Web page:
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When your business model relies on the direct sale of electricity to public entities, such as municipalities and the army, the risk of non-payment becomes a huge threat. This is the case in South Africa, where some municipalities are currently heavily indebted to Eskom. Let’s explore techniques to liberate this situation and the impact of future rising costs.

This article first appeared in ESI-Africa Edition 4, 2018.   

 You can read the full digital magazine here or subscribe here to receive a print copy.   

Recent records from the Eskom board indicate a total amount of R13.5 billion owed by the 62 defaulting municipalities to the power utility. More alarmingly, the debt has grown from R6 billion in 2016 to the current R13.5 billion by April 2018. Over the 2017/18 financial year, the municipal debt grew by 40%, equivalent to R4.16 billion. The top 10 defaulting municipalities owe the power company R9.73 billion (72% of the total debt outstanding). Accordingly, Eskom claims that municipal debt is threatening their sustainability.

In terms of Eskom’s credit control process, consumers who receive electricity directly from the utility have their power disconnected if they fail to pay outstanding accounts after 40 days. The power is only reconnected once the full bill, as well as the reconnection fee, is paid. However, Eskom maintains that the credit control process is different for municipalities, and is ineffective.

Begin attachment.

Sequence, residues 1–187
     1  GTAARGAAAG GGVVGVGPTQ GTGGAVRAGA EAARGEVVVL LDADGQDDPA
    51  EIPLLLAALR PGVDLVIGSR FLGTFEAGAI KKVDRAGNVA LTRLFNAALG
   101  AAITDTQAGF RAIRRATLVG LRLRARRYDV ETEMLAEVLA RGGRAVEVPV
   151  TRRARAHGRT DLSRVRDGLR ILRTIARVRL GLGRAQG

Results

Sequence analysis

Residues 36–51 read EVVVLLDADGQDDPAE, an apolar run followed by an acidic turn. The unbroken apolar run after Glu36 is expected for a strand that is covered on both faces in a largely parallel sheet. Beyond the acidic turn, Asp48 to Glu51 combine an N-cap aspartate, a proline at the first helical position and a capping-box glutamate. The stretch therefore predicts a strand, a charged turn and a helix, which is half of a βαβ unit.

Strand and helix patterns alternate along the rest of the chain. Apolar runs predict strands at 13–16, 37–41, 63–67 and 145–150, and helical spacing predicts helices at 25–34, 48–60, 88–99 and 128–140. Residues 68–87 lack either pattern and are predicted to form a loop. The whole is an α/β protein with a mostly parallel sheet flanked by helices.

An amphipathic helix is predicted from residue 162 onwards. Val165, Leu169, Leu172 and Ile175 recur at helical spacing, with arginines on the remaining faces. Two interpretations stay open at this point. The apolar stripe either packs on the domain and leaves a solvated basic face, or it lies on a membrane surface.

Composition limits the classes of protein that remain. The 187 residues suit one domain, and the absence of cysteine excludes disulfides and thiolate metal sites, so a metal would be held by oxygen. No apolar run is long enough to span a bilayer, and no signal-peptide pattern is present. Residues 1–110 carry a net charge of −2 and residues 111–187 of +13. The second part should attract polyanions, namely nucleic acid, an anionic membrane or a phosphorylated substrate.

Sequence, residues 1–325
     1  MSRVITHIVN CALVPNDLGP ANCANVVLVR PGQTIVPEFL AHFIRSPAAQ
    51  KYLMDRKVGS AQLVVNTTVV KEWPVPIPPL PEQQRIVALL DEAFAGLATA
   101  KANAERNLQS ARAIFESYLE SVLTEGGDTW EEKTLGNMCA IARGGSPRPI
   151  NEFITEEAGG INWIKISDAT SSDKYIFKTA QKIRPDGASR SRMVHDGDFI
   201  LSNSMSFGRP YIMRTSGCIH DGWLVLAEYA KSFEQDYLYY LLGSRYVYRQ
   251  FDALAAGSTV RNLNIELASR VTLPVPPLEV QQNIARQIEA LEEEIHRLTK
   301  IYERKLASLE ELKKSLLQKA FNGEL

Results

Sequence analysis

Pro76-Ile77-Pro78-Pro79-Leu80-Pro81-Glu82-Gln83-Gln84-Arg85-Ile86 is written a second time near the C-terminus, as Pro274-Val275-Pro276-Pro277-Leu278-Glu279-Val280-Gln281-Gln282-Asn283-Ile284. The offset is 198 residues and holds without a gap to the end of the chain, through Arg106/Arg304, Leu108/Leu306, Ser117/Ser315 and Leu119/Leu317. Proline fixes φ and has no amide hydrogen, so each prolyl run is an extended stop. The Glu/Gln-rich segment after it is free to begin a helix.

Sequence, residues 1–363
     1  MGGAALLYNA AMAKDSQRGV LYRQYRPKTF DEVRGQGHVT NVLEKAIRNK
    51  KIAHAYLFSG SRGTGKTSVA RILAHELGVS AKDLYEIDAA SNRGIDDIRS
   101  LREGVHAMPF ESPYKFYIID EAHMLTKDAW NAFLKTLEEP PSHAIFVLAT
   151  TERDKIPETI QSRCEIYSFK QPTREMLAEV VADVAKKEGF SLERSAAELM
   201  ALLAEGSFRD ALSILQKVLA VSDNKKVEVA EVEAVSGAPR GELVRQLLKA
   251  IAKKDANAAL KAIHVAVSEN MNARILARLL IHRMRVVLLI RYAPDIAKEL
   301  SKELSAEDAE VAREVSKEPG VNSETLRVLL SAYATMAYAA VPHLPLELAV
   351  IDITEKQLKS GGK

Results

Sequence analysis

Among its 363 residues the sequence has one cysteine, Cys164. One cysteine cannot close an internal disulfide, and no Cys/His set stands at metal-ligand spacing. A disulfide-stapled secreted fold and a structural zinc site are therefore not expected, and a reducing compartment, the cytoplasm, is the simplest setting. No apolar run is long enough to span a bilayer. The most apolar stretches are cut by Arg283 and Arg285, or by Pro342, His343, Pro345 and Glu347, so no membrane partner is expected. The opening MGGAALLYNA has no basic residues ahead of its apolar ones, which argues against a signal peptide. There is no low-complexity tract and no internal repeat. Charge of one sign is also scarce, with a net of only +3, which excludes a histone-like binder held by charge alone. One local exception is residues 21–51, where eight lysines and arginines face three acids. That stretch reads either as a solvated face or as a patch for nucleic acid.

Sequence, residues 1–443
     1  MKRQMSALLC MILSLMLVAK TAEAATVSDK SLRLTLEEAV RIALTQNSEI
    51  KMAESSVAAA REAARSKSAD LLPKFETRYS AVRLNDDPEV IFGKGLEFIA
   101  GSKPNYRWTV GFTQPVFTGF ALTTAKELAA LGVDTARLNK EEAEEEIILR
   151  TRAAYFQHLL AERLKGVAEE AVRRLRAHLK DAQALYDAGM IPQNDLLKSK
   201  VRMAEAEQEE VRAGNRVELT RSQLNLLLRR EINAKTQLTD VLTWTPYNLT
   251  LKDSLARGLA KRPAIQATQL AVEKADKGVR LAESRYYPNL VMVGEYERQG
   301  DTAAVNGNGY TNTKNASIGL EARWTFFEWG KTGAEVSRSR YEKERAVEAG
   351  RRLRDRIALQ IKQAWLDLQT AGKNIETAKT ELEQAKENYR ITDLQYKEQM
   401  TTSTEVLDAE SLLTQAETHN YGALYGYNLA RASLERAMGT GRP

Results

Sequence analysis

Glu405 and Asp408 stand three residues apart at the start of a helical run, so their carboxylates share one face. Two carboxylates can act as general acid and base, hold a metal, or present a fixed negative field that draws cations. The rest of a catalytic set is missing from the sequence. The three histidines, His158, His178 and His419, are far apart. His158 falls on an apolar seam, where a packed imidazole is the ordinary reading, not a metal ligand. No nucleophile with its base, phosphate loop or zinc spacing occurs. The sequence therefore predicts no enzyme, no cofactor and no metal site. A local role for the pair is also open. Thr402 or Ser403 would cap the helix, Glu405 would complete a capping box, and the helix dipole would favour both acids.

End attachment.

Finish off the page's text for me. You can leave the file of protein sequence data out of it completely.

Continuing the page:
Previously, the national power utility did not cut electricity supply to defaulting municipalities. Yet, in 2017 a compromise was reached to have power interruptions of between 4.5 hours and 6.5 hours. But, this has had little effect. Eskom alleges that this is because defaulting municipalities have fallen into the pattern of making new payment arrangements, which are more affordable, but then do not honour these arrangements. In addition, some municipalities have interdicted Eskom from instituting such power cuts.

Taking municipal debt to task

An inter-ministerial task team (IMTT) – comprising representatives from the South African Local Government Association (SALGA)‚ the Department of Cooperative Government and Traditional Affairs (CoGTA), National Treasury, Department of Energy, Department of Public Enterprises, and the Eskom board – has been established to help address the issue of defaulting municipalities.

Surprisingly, NERSA, the energy regulator, is not part of this task team.  The IMTT is, inter alia, is also looking into the need to rationalise municipal tariffs, reconciliation of municipal debt to Eskom, historical debt owed by municipalities and the unsustainability of current payment agreements with Eskom.

In May 2018, the standing committee on public accounts (SCOPA) agreed to look into the systemic challenges, such as Eskom’s credit control mechanisms for municipal bulk accounts, which are not aligned with the Local Government Municipal Financial Management Act and the Public Finance Management Act.

Another possible solution put forward by Eskom is to establish a municipal debt war room. The inter-ministerial committee task team is handling this matter. The main purpose of the war room is to “accelerate activities” to recover monies owed to Eskom. In addition, SCOPA has also resolved to call in the top 10 defaulting municipalities to understand why they are not paying their debt.

Challenges facing municipalities